Apply Auto Levels to the image. Image >Adjustments > Auto Levels. This alters the pixels in the image so they function as an alpha map better for games. You can also skip this step. The results are still good, just different.

 

Auto levels

 

You can see how an alpha map works here. The source image is to the left and the alpha mask in the middle. The resulting image has a delicate transparency that makes the clouds look real and soft. The second example below uses a figure with a more distinct outline. This makes it easier to see how the alpha mask works.

 

How the alpha mask works
Click image above to view larger image.

 

Step four:

To actually remove the pixels from the layer in Photoshop, creating a layer with transparency and not just a separate alpha image, follow these steps.

 

Select the entire Alpha layer and copy it;

Ctrl + A selects all and Ctrl + C copies it.

Go to your Channels Tab and create a new alpha channel.

 

Create a new alpha channel

 

Paste the copied Alpha layer (Ctrl + V) into the new alpha channel.

 

Paste the copied Alpha layer

 

From the Menu: Select > Load Selection and check the Invert box. Make sure you have the Alpha Channel selected.

 

Load selection

 

Go back to your original Clouds layer and press delete. You can play with brightness a little if you like, but it shouldn’t need much at all. Here I changed my background color to a sky blue so you can see the clouds.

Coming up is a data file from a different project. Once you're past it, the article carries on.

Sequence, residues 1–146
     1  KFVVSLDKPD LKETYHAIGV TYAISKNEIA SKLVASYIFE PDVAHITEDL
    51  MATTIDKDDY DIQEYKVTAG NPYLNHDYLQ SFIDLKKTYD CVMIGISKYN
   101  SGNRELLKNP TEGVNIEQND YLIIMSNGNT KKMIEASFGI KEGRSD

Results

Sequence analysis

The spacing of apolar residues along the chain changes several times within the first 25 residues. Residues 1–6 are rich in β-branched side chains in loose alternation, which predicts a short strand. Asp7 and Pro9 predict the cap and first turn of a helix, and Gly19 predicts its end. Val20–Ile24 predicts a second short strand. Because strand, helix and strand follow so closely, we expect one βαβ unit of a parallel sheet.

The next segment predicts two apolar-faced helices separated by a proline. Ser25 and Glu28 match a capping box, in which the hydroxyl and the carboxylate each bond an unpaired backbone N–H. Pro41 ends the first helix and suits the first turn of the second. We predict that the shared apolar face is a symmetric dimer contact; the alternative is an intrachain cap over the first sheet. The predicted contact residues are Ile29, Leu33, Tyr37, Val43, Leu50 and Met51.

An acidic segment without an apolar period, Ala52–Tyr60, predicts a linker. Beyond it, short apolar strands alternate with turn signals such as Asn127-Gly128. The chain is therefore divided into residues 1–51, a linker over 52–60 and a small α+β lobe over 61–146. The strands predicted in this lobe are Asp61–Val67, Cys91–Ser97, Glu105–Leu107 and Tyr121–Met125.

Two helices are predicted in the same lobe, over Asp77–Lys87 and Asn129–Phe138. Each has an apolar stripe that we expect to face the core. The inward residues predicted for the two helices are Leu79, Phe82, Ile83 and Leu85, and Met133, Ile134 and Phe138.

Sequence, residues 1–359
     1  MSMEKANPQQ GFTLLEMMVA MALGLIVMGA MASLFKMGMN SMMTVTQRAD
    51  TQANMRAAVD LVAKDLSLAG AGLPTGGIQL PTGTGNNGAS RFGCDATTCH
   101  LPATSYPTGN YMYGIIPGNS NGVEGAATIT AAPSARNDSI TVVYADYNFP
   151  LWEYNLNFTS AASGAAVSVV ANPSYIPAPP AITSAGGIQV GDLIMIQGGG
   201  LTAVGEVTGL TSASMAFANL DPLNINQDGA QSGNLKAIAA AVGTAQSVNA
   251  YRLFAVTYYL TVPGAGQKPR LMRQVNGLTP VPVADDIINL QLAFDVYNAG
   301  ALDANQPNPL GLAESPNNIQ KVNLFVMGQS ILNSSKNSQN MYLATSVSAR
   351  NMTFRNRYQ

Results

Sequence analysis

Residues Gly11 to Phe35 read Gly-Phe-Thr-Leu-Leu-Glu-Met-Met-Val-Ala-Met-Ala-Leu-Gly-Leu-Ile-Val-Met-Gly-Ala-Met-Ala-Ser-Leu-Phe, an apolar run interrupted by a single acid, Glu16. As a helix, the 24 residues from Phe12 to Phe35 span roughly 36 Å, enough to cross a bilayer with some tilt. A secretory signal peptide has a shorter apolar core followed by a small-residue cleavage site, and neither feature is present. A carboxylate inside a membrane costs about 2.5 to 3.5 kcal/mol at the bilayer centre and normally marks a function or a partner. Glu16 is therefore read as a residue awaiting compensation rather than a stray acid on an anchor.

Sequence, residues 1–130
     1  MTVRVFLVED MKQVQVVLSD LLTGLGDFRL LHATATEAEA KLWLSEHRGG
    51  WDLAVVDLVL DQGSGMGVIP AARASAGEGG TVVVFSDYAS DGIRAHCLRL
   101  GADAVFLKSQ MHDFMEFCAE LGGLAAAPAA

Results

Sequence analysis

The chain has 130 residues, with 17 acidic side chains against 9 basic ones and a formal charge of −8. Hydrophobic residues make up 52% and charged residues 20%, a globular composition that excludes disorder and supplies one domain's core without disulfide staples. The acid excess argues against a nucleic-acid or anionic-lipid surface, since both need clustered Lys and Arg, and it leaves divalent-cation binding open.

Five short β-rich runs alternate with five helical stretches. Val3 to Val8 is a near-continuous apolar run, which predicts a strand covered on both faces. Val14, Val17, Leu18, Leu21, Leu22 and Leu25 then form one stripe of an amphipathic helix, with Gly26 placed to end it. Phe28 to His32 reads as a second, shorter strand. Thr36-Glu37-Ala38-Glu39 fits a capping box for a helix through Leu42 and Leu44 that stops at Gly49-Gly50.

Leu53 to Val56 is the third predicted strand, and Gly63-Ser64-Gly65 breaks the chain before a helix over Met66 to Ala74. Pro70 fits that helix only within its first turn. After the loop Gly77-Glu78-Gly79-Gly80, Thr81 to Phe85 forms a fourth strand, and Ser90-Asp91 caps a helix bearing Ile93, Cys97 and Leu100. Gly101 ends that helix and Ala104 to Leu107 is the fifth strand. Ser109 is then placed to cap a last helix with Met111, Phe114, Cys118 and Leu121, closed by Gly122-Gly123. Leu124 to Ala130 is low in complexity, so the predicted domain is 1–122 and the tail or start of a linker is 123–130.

creating cloud layers
Click image above to view larger image.

 

To thin out your clouds press delete a time or two more before deselecting.

 

Delete 3 times
Click image above to view larger image.

 

Here is the cloud image in a 3D application using the alpha mask we created. Notice the clouds tile automatically using this method. Also notice that I used two layers of clouds (using the same image), making one layer display the clouds larger and move slower to add depth.

 

Here we have layers of clouds

 

Single Clouds

If you don’t want a tiling sky full of clouds, but only want one cloud, use the Lasso Tool with a very large feather. I used a 512x512 image and a 45 pixels feather. Simply draw an organic curvy shape and render clouds. You can use a large, very soft, eraser to gently sculpt the clouds a bit if you need to.

 

How to isolate a single cloud

 

Here is a giant single cloud I created for this 3D scene.

 

Luke Ahearn creates a 3D image to demonstrate his technique
Click image above to view larger image.

 

 




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Comments

Re: Creating Clouds with Transparency
by Udo Citi
very useful for Game developing
Re: Creating Clouds with Transparency
by David Hilowitz
Thanks for this tutorial. Very helpful.
Re: Creating Clouds with Transparency
by Nikita Tomkevich
This is a great introduction to Alpha channels and transparency. Thanks!

All the best.
Re: Creating Clouds with Transparency
by Addison Tallman
I love all these tutorials. They are wonderful. It would help me, a non-expert, to see the final outcome and a short description of the problem before the tutorial starts. Then I'd understand where it's all going: how steps A, B, and C get to step D.
Keep up the great work.